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Integration and Nonrandom Mutation of a Plasma Membrane Proton ATPase Gene Fragment within the Bs1 Retroelement of Maize
Young-Kwan Jin and Jeffrey L. Bennetzen
The Plant Cell
Vol. 6, No. 8 (Aug., 1994), pp. 1177-1186
Published by: American Society of Plant Biologists (ASPB)
Stable URL: http://www.jstor.org/stable/3869895
Page Count: 10
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Retrotransposons are a class of mobile DNA sequences in eukaryotes that transpose through a reverse-transcribed RNA intermediate. Retrotransposons containing long terminal repeats have many of the attributes of retroviruses in animals but have not been previously observed to acquire a portion of a cellular gene as RNA tumor viruses do with oncogenes. We have found homology to plasma membrane proton ATPase genes within the Bs1 retrotransposon of maize, and this homology led us to clone the maize plasma membrane proton ATPase gene, which we have named Mha1. The sequence of Mha1 confirmed that 654 bp of this ATPase gene are present in Bs1; this segment represents the last amino acid of exon 4, all of exons 5 to 9, and part of exon 10. All introns have been removed from this acquired DNA, whereas 81 single base pair substitutions and a deletion of 183 bp in Bs1 differentiate these contiguous segments. The secondary mutations led to fewer changes in the derived Bs1 protein sequence than predicted for neutral events, suggesting that the acquired Mha1 DNA performs a selected function within Bs1. These data indicate that a retrotransposon can incorporate and transmit a portion of a standard nuclear gene transcript within its genetic material. Alternatively, these results suggest that Bs1 may represent a defective version of a plant retrovirus.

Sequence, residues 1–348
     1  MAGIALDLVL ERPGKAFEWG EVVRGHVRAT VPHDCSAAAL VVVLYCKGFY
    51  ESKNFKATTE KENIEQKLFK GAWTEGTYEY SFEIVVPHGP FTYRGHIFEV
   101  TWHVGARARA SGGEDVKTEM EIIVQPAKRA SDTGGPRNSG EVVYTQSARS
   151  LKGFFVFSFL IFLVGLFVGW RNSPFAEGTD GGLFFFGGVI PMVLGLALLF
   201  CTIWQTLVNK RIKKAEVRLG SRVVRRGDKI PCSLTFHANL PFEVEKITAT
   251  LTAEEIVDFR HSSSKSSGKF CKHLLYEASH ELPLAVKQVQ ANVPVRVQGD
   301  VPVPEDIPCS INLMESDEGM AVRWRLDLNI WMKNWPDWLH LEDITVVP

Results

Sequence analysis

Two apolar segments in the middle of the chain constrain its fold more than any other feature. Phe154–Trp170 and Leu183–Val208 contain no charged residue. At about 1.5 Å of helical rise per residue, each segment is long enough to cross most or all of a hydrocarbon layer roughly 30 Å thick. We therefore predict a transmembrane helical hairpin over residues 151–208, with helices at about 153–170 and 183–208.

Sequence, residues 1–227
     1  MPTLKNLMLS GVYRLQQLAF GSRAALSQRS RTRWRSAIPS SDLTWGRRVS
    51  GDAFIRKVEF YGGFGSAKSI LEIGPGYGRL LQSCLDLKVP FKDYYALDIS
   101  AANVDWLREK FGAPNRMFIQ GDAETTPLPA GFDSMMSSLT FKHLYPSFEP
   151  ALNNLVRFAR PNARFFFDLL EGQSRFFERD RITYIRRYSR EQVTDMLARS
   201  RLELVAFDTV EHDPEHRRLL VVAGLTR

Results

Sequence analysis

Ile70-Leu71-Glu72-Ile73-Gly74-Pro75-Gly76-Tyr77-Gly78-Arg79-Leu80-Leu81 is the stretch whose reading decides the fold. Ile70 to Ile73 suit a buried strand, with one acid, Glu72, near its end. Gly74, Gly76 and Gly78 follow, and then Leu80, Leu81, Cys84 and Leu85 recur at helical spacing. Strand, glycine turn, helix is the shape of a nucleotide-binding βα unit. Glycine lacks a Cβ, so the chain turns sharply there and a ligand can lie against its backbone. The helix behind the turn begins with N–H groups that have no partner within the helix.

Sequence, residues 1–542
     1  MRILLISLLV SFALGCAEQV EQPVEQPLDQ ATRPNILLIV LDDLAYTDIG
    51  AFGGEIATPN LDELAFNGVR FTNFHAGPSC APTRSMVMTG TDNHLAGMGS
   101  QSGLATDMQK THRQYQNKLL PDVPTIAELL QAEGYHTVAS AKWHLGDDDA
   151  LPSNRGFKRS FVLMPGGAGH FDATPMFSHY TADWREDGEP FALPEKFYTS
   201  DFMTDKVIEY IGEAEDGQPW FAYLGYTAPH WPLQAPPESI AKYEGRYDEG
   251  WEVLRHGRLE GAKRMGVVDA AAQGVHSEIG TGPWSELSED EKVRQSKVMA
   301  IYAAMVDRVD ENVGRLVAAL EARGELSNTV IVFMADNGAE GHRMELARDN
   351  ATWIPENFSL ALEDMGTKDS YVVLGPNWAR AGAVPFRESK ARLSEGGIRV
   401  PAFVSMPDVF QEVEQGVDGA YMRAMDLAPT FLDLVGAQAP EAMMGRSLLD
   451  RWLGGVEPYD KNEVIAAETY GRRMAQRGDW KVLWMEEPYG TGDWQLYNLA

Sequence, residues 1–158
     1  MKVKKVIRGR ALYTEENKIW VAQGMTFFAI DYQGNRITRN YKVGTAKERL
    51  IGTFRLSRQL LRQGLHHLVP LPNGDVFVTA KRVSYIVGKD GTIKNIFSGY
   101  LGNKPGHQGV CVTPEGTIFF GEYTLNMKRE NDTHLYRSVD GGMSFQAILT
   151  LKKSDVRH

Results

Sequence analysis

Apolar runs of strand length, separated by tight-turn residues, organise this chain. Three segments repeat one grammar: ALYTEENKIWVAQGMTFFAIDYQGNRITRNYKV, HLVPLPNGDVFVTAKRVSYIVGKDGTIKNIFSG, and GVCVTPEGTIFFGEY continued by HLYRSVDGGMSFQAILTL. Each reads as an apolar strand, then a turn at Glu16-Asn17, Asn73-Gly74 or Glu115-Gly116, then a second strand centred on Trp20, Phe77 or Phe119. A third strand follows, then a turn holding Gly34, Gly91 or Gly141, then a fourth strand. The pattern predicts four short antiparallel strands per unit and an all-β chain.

The Plant Cell © 1994 American Society of Plant Biologists (ASPB)